CLEARWATER - If, as it is said, the wheels of the gods grind very slowly but exceedingly fine, those gods might be found on Court Street and Largo may be able to pride itself - at long last - on something fine.
The Clearwater-Largo Road Redevelopment project that has been in existence for a decade may now be emerging into some sort of reality following the County Commission's approval Tuesday of the city's project.
Many have come and gone from this area, others have grown old, youths have completed their days from grammar school to college in the time span since the Clearwater-Largo Road project was born.
For the past 10 years it has been on the drawing board. Its delay has frustrated the city manager of Largo, and a squad of commission members in Largo have come and gone in the gestation period.
Only Karen Seel - and for good reason - opposed the development. She contends that sufficient thought has not been given to traffic and transportation.
With the new project complete, traffic on Clearwater-Largo Road will increase by something like 150 percent.
The last time the County Commission took up this issue - one year, one month and four days ago - it rejected Largo's plan based on what county commissioners thought was inadequate treatment for folks in mobile home parks and a lack of identifying affordable housing for those to be displaced by the project.
At that time, September 6, 2005, Commissioner Ronnie Duncan made a stirring plea for a countywide solution to affordable housing and was joined by Commissioner Calvin Harris in voting against Largo's plan.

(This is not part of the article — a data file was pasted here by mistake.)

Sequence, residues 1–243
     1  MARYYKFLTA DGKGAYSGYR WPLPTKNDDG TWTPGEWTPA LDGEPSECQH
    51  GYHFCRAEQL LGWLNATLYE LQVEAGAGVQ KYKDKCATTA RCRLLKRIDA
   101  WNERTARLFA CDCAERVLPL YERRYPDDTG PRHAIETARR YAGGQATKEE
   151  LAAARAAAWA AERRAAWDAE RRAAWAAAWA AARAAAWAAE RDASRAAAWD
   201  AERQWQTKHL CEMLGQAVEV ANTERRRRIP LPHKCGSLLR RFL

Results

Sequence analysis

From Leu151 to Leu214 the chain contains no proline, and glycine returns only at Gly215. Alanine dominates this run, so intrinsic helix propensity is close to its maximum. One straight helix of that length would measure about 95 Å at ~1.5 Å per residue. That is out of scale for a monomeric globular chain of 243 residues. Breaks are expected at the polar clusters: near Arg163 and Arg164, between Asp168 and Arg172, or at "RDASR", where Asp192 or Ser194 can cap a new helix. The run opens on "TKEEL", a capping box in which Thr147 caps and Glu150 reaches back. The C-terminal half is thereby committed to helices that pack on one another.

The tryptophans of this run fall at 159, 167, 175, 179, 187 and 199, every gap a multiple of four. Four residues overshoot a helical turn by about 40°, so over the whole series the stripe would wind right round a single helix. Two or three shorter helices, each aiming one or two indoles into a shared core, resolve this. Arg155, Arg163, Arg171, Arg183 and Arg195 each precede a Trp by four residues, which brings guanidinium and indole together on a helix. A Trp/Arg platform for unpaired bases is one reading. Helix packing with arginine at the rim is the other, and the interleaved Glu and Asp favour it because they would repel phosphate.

It was Duncan's absence at the previous August 16 meeting, when the plan was previously examined, that brought about a 3-3 tie vote that stalled the proceedings.
Duncan and Harris were joined in that vote more than a year ago by colleagues Seel, Ken Welch and Susan Latvala in turning down the city. John Morroni and Bob Stewart gave a green light to Largo's plan at that time.
Now the whole gang, with the exception of Seel, is on board with Largo's plan.
Cleaning up the Largo-Clearwater Road corridor has been a burning issue for years. The area has been a rat's nest of drugs and prostitution. Largo police probably have more activity there than at any other location in the city.
The human problem of relocation and housing and density have been the chief problems holding up progress for the development. Seel's concerns center on long-range planning and are well taken. Planning in Pinellas County seems to come after the fact when by definition of the word planning itself it should precede expansion activity.
With County Commission approval having been the chief obstacle and that now out of the way, redevelopment - still opposed by some in Largo who live in the area - is expected to proceed.
The issue now heads back to the Largo City Commission for final approval, expected perhaps next month. Having overcome all the hurdles, there still will be controversy with opposition within Largo to be heard.
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